SHREVEPORT, LA (KSLA) - Thousands of people walk the streets of Shreveport every single day — coming from different parts of the state, country, and even the world — and for some, they are trying to find just exactly who they are.
Melanie Curry was one of those people. She found herself looking to find out more about her biological father so she decided to purchase an AncestryDNA kit.
“It made me really curious and I wanted to always know,” said Curry.
Adopted at age three, Curry’s curiosity led her to find her biological parents, and now she wants to learn about her DNA.
“It’s just that one part that is missing that makes me curious, so I’m hoping that that’s the results that I’ll see like what else is there," she said.
But when you purchase direct-to-consumer DNA kits, you may not be considering where your DNA actually goes. Many are surprised to learn companies like Ancestry.com and 23andMe don’t keep DNA private if you give consent for the companies to share it.
“You can actually opt out of having them keep your DNA,” said Mary Lowery-Nordberg. "Do they still keep it….it’s still up for grabs.
Nordberg is part of the genetic counseling staff at LSU Health Shreveport’s Feist Weiller Cancer Center. Se says these companies remove identifying information from your DNA if you give approval, and it could end up anywhere.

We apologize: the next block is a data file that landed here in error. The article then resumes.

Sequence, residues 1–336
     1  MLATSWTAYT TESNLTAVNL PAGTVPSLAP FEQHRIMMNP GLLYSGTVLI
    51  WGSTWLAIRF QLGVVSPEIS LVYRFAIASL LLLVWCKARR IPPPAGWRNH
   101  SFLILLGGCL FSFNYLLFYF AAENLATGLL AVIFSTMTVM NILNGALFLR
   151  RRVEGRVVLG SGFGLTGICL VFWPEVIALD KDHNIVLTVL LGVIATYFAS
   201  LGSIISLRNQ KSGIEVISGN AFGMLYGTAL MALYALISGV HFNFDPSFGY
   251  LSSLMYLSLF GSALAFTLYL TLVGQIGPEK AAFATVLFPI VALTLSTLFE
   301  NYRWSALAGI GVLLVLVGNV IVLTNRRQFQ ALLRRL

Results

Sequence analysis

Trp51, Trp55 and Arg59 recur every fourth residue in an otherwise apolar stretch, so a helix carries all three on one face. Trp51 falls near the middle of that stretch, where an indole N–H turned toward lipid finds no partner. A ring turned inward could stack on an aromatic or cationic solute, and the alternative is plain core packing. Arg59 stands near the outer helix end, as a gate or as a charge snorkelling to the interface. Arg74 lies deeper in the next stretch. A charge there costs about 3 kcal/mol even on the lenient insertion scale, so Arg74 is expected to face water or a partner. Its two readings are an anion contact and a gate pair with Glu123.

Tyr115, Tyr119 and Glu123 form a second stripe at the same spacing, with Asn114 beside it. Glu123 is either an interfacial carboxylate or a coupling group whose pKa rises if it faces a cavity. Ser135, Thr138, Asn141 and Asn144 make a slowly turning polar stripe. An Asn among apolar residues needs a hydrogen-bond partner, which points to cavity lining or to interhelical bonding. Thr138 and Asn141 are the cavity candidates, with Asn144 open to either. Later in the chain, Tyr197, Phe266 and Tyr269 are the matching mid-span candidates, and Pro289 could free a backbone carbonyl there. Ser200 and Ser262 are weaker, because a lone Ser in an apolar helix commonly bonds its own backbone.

“So this data goes into public data bases not criminal data bases, not prison data bases but public data bases that anybody, I can search it, you can search it if you know what you’re looking for,” she said.
This caught the nation’s attention earlier this year, when California police arrested Joseph James DeAngelo — the alleged Golden State Killer — after using a public genealogy database to identify DeAngelo.
Nordberg says while a lot of people purchase these kits for fun, sometimes the answers they get are surprising.
“It’s like be careful what you ask for because you do sometimes uncover things that you don’t know," she said. "I mean suppose you’re Caucasian and you find out your American Indian. Or you think you’re American Indian or native American, and you’re not at all.”
And while some use it to find a long-lost family member, that too can bring challenges. Some kits also reveal information about your genetic health as well.
“Sometimes that data is beneficial so if you have the majority of the U.S. population who signed up to do ancestry.com and then you find out…oh my gosh these people who have these family histories of dementia have this certain gene then that becomes a target," said Nordberg.
Curry didn’t know her DNA she recently sent could be out there for the public to see, but unlike some she’s not that concerned.
“Hey, you don’t know where your DNA is now anyways so the information’s out there," she said. "Am I worried about anything eh not really.”
Knowing what she knows now, Curry says she would still purchase her kit, because so far her curiosity has led her to some pretty amazing things.
Below are links to the privacy statements for some of the common direct-to-consumer DNA kits